maintaining the dissolved concentration of stabilizer substantially near the stabilizer solubility limit.
Description
BACKGROUND OF THE INVENTION

The present invention discloses novel stabilizers used to extend the useful-life of formulations containing photoacid precursors. These stabilizers are useful for extending formulation shelf-life and for extending the in-use life in cases where the formulation is exposed to low initiating light levels such as room lighting or extraneous light from an exposure source. In addition, this invention discloses novel methods for comprising the stabilizers in the formulation such that the stabilizer concentration remains substantially constant and such that the photohardening speed of the composition is essentially unaffected.

Photoacid precursors are often used in compositions to initiate polymerization, to cause de-polymerization, and to generate color. Many of the photoacid precursors have been found to be thermally or hydrolytically unstable. Some of the photoacid precursors may be acceptably thermally and hydrolytically stable, however, there may be residual acid in the photoacid precursor product, or there may be some acid generation due to absorption of light from the room or extraneous light from the exposure process. In some compositions, for example epoxy based compositions, a small amount of this acid will initiate the polymerization and eventually lead to a gellation of the polymer or actual hardening of the polymer.

Various stabilizers have been proposed. For example, U.S. Pat. No. 3,721,616 by Watt proposes the use of various nitrile compounds such as acetonitrile which stabilized some epoxy compositions containing chlorobenzenediazonium hexaflorophosphate for several days. The samples without the nitrile compounds formed a gel within four days. Nitrile compounds may be useful for some systems, however, now that most of them are considered suspect carcinogens, it would usually be preferable to avoid these stabilizers especially in processes that involve significant skin contact. Within this patent Watt teaches that it is undesirable to have a stabilizer that forms undissolved solid particles or immiscible liquid globules. This teaches away from the instant invention wherein undissolved solid particles are preferred and significantly advantageous. Also in U.S. Pat. No. 3,721,617 Watt proposes the use of cyclic amide gelation inhibitors for epoxy systems. While these may be useful in some systems, it has been found that some of these cyclic amides, for example polyvinylpyrrolidone, significantly inhibit the polymerization of epoxy systems.

In general, for example in photohardenable epoxy systems, it is the acid that is produced which does not cause significant gellation or hardening of the epoxy that creates the greatest problem of composition instability. This acid is mobile within the composition and is capable of initiating many epoxy reactions throughout the formulation. In regions where the epoxy is gelled or hardened, the acid is significantly immobilized and therefore has a much more limited opportunity to initiate further polymerization other than in the exposed region.

The necessity for a stabilizer is perhaps most apparent in, for example, Solid Imaging systems using photohardenable liquid epoxy compositions. In the Solid Imaging process, the liquid epoxies may be stored for long periods of time. Typically, the liquid epoxy is utilized in deep vats, for example 500 mm deep vats. Even though the photoacid precursor and or a sensitizer for the precursor may not be particularly absorbing at room lighting wavelengths, the depth of the vat provides a significant absorption cross-section such that the light that passes into the vat has ample opportunity to cause some actinic effect. While yellow or red room lights may be recommended to avoid the effects of room light exposure, some users of Solid Imaging systems are reticent to convert to these lighting conditions.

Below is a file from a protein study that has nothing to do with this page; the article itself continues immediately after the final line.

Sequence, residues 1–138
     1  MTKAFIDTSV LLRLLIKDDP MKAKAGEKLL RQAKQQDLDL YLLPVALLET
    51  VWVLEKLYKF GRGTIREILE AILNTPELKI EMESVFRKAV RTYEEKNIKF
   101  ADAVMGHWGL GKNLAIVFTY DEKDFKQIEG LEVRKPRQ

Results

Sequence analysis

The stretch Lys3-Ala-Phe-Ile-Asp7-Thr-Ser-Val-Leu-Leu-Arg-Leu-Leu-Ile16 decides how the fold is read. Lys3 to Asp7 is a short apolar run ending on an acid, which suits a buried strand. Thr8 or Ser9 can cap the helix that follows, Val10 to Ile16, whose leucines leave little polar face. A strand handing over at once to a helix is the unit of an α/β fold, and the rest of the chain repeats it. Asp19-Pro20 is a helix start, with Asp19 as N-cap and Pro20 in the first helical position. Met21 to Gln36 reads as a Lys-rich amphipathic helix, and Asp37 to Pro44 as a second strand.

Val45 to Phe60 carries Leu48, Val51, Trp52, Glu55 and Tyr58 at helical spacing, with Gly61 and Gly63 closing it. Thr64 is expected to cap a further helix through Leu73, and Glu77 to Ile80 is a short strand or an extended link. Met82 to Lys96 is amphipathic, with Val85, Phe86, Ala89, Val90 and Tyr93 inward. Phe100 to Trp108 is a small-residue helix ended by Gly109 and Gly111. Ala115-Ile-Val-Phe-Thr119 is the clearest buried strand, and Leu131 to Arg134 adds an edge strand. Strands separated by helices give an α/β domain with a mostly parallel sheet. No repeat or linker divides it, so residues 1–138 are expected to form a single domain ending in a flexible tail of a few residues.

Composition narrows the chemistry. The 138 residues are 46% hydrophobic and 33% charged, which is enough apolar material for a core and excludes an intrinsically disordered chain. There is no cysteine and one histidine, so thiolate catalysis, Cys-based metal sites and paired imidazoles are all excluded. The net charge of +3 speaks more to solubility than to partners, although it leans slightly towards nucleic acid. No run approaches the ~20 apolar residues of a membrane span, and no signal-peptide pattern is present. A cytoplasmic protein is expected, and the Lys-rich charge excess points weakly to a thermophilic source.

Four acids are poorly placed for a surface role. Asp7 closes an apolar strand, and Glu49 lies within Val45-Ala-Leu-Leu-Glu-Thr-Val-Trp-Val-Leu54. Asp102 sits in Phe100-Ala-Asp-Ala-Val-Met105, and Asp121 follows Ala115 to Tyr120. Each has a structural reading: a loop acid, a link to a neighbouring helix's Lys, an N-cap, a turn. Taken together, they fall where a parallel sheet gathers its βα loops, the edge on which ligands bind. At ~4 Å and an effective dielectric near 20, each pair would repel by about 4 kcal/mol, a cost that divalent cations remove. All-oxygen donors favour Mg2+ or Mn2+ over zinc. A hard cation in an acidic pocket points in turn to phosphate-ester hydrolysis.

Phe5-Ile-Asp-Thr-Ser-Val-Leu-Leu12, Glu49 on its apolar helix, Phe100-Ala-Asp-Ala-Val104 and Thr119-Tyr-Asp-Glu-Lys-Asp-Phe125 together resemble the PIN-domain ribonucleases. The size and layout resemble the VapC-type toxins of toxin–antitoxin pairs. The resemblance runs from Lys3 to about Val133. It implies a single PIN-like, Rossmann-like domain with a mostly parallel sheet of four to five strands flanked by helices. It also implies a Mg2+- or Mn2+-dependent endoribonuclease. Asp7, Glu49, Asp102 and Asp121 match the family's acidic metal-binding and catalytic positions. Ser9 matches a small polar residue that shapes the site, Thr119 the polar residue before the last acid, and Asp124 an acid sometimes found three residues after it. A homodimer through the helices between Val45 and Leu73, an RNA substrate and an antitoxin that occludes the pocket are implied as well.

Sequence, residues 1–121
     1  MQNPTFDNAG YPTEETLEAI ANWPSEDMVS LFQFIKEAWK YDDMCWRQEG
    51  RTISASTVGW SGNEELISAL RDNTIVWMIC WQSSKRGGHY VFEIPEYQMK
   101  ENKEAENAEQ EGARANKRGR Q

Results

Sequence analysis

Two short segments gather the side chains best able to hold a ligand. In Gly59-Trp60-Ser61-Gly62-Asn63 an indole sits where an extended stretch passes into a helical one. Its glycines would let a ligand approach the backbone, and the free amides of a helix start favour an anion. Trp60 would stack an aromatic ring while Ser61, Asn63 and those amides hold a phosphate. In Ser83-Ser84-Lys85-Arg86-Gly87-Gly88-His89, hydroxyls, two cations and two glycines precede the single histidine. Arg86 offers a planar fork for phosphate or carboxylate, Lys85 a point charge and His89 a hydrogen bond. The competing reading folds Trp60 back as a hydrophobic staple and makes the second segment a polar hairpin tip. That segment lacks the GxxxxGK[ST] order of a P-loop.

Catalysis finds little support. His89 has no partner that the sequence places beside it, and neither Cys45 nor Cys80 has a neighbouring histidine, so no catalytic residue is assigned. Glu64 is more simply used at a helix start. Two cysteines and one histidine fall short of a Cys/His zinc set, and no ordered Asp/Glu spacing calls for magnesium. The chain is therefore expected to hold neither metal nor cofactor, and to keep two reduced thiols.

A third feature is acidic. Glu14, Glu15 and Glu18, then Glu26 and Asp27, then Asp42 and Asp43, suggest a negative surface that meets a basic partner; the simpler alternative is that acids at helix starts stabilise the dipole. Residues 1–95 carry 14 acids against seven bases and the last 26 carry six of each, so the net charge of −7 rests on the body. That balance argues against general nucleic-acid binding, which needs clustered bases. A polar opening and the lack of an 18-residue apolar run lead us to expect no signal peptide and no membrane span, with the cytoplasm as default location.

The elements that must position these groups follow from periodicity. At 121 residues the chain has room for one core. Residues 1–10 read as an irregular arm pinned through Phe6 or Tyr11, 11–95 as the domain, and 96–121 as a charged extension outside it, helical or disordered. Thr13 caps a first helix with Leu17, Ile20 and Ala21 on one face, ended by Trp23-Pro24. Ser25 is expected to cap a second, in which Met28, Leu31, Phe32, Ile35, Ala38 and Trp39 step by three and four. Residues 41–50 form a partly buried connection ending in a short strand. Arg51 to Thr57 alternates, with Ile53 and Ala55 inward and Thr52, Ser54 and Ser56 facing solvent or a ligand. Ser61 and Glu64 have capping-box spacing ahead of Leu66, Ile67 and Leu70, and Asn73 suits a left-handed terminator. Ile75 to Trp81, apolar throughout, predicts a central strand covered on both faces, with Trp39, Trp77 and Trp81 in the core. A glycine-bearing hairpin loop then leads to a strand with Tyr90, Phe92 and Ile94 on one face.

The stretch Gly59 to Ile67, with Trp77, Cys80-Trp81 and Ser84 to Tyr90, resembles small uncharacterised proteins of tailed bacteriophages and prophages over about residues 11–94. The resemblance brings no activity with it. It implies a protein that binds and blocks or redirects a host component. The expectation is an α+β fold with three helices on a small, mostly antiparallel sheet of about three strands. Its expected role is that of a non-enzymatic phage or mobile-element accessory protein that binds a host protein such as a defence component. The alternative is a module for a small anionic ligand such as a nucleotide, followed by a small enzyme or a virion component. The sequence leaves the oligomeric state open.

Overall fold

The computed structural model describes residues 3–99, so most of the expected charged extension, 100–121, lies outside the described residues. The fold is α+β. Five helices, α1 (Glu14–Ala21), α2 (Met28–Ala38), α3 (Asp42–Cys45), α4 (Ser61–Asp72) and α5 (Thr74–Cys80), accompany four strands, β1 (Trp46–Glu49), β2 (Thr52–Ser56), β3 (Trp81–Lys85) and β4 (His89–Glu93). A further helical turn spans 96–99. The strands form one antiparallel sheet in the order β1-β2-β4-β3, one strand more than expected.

Perhaps a greater cause of generation of acid from photoacid precursors in the Solid Imaging process is due to the process itself. In most cases, imagewise exposure of the epoxy composition is performed with a focused laser beam. This beam has a Gaussian spread which is capable of creating significant exposure outside the nominal 1/e2 spot diameter. At some point outside this diameter, the exposure, while still capable of generating acid, does not generate a large enough concentration of acid to polymerize the epoxy to the point of insolubilization. This leaves the acid free to migrate throughout the vat and initiate polymerization which leads to a viscosity increase of the formulation. A similar situation occurs in cantilevered or bridging regions where the exposure through the layer being imaged and hardened reaches a point that the amount of exposure is no longer capable of producing enough acid to polymerize the epoxy such that the acid becomes locked in. Another system source of free acid occurs, for example, when the beam is moved from one image region to another. If the exposure system uses an acousto-optic modulator, the beam irradiance is often reduced to a lower level, for example 1/25'th or 1/1000'th the imaging irradiance, and the beam is often moved very quickly from one image region to another. However, this reduced exposure is still capable of generating acid even if it is not capable of insolubilizing the epoxy composition along the path. Further system sources of such low exposures occur from reflections within the chamber caused by, for example, reflections from the surface of the liquid, reflections from various beam sensors, and scattered light from mirrors and optics.

Many bases are capable of neutralizing the acid generated thermally, hydrolytically, or by light. However, some bases are strong enough to cause reaction or polymerization and therefore are not useful stabilizers. The concentration of the stabilizing base is important. If the base concentration is too high, any acid generated by exposure of the photoacid precursor will become neutralized by the base. Therefore low concentrations of base are preferred in order to provide minimal effect on the desired cure. However, in applications such as for example Solid Imaging, where a reservoir of photohardenable composition is maintained and the material is exposed by room light and extraneous system light at variable rates, there is the possibility that the stabilizer will eventually become consumed and the stability of the photohardenable composition will be lost.